Domesticity and Religion: Women in Italian American Literature and Culture of the 1930s
Date of Graduation
Master of Arts in English
The lives of Italian American women of the early twentieth century have been documented in fragments in histories of immigration and in the literature written by the children of first-wave immigrants. This documentation often leaves an incomplete picture of how Italian women lived and moved in their new American context in the first decades of the twentieth century. This thesis examines Pietro Di Donato’s portrayal of Annunziata in his 1939 novel Christ in Concretealongside the journals of Elba F. Gurzau, a real-life, second-generation Italian woman living in New York City during the 1930s. By holding these women up next to each other, this thesis shows how the confines of domesticity hindered the first-generation of Italian American immigrant women and left them unable to preserve the homeland values and traditions they were tasked with handing down, whereas the educational freedom and literacy attained by many members of the second generation allowed for women like Gurzau to effectively promote Italian culture in America. Likewise, these women’s relationships with Italo-Catholic religious practices determine the fluency with which they are able to interact and evolve in the New World. Annunziata is left, in both the domestic and religious realms, unable to find meaning and substance in her work because she is unable to recreate Italy in America. Elba Gurzau’s ability to find harmony between the two cultures and her freedom to explore outside of Cultural Catholicism breathe life into her work and allow her to effectively bridge the gap between Old World Italy and a quickly modernizing America.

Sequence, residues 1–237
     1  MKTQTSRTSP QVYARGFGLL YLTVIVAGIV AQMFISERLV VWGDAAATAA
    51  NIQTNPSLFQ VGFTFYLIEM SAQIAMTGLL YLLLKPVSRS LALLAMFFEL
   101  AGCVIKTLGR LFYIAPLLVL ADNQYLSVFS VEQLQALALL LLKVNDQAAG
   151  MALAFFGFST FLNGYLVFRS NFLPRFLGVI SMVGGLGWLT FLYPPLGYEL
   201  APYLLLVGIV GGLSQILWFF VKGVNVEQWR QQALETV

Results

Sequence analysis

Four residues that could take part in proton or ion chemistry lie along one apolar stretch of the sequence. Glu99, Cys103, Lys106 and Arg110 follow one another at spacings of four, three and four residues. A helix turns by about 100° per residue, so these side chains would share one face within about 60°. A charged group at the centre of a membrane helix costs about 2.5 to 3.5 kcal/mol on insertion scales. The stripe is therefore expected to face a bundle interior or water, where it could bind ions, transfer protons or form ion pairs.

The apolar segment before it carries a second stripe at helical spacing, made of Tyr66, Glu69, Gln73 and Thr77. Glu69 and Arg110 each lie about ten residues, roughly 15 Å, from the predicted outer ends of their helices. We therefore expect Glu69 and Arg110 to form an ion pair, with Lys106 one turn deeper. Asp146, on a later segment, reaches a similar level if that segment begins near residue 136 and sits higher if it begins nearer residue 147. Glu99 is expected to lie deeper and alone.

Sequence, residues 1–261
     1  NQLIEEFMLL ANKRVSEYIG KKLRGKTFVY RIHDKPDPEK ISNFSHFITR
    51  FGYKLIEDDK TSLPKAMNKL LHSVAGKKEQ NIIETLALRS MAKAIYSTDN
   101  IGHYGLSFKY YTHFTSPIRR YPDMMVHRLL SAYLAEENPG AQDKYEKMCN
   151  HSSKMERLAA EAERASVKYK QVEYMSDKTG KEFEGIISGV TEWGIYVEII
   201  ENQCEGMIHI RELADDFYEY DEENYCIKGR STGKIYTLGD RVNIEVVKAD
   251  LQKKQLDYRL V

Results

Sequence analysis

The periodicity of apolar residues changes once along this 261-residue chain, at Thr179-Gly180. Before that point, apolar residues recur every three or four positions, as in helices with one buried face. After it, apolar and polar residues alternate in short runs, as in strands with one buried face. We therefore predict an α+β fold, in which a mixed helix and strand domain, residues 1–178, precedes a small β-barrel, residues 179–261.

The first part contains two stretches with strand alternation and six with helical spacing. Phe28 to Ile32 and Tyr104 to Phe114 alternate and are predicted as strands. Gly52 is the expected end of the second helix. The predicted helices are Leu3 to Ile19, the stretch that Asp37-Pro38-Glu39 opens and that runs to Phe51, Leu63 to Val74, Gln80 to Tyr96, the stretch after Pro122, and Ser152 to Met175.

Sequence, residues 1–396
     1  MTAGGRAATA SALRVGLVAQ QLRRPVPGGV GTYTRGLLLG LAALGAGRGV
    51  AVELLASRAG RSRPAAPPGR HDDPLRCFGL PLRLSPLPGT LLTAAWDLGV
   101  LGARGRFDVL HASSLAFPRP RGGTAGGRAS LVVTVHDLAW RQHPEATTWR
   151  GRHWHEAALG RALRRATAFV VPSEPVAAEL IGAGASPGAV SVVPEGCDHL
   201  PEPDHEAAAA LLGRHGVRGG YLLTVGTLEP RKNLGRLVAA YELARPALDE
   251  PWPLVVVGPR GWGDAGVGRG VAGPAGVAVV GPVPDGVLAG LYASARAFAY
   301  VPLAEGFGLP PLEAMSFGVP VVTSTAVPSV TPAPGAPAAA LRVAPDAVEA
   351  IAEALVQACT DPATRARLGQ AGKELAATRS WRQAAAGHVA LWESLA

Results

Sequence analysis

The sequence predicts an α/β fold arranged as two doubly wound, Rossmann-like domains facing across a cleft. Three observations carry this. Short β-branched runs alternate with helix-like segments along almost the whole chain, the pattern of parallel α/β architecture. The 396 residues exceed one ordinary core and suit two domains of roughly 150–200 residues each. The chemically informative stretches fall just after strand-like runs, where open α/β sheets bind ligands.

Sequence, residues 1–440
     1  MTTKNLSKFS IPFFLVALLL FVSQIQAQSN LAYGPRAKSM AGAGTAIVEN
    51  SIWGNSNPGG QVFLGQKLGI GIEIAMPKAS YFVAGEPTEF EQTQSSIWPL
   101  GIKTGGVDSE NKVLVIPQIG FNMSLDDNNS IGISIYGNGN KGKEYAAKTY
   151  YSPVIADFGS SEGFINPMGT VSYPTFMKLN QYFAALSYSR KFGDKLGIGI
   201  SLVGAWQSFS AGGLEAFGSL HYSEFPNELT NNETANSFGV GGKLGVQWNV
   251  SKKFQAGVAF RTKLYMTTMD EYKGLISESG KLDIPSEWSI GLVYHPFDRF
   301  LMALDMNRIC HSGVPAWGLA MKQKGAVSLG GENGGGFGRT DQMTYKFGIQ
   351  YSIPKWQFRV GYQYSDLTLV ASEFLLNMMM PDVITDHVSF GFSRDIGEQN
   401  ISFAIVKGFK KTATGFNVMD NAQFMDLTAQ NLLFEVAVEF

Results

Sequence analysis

Italian-American, American literature, Italian language, women, modern literature, domesticity, religion, Catholicism
Italian Language and Literature | Modern Literature
© Madeleine J. Kirkpatrick
Kirkpatrick, Madeleine J., "Domesticity and Religion: Women in Italian American Literature and Culture of the 1930s" (2023). MSU Graduate Theses. 3833.